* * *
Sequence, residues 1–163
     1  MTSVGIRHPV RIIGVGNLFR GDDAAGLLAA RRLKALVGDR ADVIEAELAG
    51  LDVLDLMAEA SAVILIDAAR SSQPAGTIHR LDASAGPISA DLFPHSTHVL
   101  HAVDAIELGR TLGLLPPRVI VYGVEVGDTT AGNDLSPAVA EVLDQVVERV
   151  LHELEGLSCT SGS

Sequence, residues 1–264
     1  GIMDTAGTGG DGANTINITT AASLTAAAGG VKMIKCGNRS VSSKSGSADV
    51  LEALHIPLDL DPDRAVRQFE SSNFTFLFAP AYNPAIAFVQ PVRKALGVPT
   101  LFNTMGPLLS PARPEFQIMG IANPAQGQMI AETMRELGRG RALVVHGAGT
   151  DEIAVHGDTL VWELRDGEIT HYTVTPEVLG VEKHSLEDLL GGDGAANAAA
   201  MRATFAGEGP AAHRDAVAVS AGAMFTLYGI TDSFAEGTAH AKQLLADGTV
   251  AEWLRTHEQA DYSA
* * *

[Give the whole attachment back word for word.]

Sequence, residues 1–163
     1  MTSVGIRHPV RIIGVGNLFR GDDAAGLLAA RRLKALVGDR ADVIEAELAG
    51  LDVLDLMAEA SAVILIDAAR SSQPAGTIHR LDASAGPISA DLFPHSTHVL
   101  HAVDAIELGR TLGLLPPRVI VYGVEVGDTT AGNDLSPAVA EVLDQVVERV
   151  LHELEGLSCT SGS

Sequence, residues 1–264
     1  GIMDTAGTGG DGANTINITT AASLTAAAGG VKMIKCGNRS VSSKSGSADV
    51  LEALHIPLDL DPDRAVRQFE SSNFTFLFAP AYNPAIAFVQ PVRKALGVPT
   101  LFNTMGPLLS PARPEFQIMG IANPAQGQMI AETMRELGRG RALVVHGAGT
   151  DEIAVHGDTL VWELRDGEIT HYTVTPEVLG VEKHSLEDLL GGDGAANAAA
   201  MRATFAGEGP AAHRDAVAVS AGAMFTLYGI TDSFAEGTAH AKQLLADGTV
   251  AEWLRTHEQA DYSA